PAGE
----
TYPE  HOSTNAME            VALUE               PORT  PRIORITY  WEIGHT  TTL
SRV   _imap._tcp          mail.server.domain  143   1         100     14400
SRV   _imaps._tcp         mail.server.domain  993   1         100     14400
SRV   _pop3._tcp          mail.server.domain  110   1         100     14400
SRV   _pop3s._tcp         mail.server.domain  995   1         100     14400
SRV   _submission._tcp    mail.server.domain  587   1         100     14400
SRV   _smtps._tcp         mail.server.domain  465   1         100     14400
SRV   _sieve._tcp         mail.server.domain  4190  1         100     14400
SRV   _autodiscover._tcp  mail.server.domain  443   1         100     14400
SRV   _carddavs._tcp      mail.server.domain  443   1         100     14400
SRV   _caldavs._tcp       mail.server.domain  443   1         100     14400

TXT records (good reputation)

TXT records are simply messages that provide additional information. Here, TXT records are used to tell other mail servers more about your own mail server in order to build some trust between them: these records are a useful tool against spoofing where bad actors try to impersonate you and pretend you are sending the bad emails they are sending.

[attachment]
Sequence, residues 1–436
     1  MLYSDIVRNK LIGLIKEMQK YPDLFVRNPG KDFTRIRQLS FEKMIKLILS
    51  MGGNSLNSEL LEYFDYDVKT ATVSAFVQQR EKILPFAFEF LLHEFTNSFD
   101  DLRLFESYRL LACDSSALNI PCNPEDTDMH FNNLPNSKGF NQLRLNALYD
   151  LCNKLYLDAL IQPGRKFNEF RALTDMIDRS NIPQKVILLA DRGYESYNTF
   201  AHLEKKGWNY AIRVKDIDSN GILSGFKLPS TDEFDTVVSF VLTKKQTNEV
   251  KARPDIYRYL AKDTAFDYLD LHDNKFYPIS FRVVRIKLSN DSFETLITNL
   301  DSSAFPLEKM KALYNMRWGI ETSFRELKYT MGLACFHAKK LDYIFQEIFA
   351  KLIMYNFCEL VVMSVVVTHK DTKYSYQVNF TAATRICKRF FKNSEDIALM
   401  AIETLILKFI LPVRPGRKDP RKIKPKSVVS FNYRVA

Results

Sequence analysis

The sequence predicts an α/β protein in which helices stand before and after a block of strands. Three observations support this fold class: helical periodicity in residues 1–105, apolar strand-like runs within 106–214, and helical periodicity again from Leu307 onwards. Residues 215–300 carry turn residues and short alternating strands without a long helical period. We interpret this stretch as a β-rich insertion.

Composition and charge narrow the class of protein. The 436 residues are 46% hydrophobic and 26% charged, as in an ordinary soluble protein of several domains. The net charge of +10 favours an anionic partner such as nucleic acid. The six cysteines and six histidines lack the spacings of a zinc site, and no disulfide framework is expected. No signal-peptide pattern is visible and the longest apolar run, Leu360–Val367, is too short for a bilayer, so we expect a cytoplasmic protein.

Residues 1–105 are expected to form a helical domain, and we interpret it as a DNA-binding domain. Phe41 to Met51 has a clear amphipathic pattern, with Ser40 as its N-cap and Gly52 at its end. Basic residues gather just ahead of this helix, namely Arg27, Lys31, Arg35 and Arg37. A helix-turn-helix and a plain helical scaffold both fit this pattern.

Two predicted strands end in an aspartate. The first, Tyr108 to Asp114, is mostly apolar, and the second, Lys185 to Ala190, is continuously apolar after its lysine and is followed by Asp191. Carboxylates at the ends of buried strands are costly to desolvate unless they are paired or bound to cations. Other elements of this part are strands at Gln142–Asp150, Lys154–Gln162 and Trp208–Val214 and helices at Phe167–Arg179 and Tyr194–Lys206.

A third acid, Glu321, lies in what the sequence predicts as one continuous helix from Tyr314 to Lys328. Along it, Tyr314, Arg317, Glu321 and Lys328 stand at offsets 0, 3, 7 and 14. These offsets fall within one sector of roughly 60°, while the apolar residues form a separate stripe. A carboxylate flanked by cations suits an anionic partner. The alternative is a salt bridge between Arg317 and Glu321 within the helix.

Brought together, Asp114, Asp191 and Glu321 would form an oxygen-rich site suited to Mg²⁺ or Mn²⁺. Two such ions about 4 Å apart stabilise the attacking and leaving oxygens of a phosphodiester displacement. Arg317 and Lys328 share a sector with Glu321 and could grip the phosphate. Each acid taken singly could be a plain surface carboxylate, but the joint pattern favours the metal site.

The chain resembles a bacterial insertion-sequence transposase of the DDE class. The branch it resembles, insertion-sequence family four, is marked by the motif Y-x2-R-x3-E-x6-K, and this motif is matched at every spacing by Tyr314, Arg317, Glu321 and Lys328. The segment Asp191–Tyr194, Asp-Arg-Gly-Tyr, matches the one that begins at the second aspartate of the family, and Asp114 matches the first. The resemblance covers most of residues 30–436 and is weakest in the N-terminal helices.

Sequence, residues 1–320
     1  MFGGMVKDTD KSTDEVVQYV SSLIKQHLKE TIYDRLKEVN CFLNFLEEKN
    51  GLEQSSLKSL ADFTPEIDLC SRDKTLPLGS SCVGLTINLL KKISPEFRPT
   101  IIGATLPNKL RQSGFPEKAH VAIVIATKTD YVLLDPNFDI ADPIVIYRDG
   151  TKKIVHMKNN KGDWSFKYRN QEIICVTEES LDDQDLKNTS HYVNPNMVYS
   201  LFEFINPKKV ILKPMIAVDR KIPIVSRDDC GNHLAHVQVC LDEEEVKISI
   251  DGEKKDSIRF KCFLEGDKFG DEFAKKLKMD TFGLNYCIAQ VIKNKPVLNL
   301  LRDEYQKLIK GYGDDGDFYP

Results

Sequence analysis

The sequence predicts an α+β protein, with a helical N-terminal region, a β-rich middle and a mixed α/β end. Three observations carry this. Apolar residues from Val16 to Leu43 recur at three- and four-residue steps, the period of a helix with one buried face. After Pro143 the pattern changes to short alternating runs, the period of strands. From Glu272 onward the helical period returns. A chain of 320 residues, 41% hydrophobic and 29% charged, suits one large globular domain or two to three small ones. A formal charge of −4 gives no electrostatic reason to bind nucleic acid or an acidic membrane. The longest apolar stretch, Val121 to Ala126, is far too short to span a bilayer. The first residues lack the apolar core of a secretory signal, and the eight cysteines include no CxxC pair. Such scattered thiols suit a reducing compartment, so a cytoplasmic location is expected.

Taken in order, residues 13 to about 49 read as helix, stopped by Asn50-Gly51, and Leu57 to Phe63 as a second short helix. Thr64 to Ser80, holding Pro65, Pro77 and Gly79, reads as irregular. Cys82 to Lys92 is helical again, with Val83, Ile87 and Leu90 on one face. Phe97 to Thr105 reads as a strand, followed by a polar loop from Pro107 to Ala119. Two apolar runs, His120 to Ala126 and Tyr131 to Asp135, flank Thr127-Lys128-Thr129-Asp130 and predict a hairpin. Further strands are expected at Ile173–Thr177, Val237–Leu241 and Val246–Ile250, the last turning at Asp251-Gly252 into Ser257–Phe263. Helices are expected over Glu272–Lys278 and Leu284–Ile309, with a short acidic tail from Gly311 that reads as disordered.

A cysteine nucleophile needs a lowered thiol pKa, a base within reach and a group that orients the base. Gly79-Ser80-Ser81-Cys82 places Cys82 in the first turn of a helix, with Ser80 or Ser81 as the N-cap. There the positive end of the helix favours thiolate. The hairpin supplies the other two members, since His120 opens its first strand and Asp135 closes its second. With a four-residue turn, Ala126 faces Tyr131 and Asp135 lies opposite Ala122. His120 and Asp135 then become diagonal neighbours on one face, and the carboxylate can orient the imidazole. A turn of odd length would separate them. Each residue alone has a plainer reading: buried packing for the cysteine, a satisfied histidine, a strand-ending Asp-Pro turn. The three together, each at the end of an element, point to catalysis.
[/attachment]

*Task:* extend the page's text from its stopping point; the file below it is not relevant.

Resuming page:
TYPE  HOSTNAME         VALUE
TXT   @                "v=spf1 mx ~all"
TXT   dkim._domainkey  "v=DKIM1;k=rsa;t=s;s=email;p=..."
TXT   _dmarc           "v=DMARC1;p=reject;rua=mailto:admin@public.domain"

Detailed information on these records can be found here, but in short:

  • SPF records tells other mail servers that only the specified mail server (in this case, mx which points to mail.server.domain via the MX record) is allowed to send emails for your email domain (in this case, public.domain);
  • DKIM applies a virtual signature to all your sent emails and other mail servers use the second TXT record above to validate that signature;
  • DMARC records tell other mail servers what should happen to emails that fail the SPF and DKIM policies; the record above states these emails should be rejected and a notification sent to admin@public.domain.

The DKIM record contains a cryptographic key (replaced above by ...). In my case, this key was generated for me by mailcow and is unique for each email domain.

Please note that having the above TXT records does not guarantee that other servers trust you immediately: your emails are still likely to end up in spam folders at first. Using intermediaries like mailgun can help with avoiding the spam folder. More on that in a later blog post.

References

Mailcow has their own recommended DNS records guide which, in conjunction with their admin page, should make setting up DNS records a breeze.

This guide has a lot of in-depth information about the SPF, DKIM and DMARC records (TXT records above).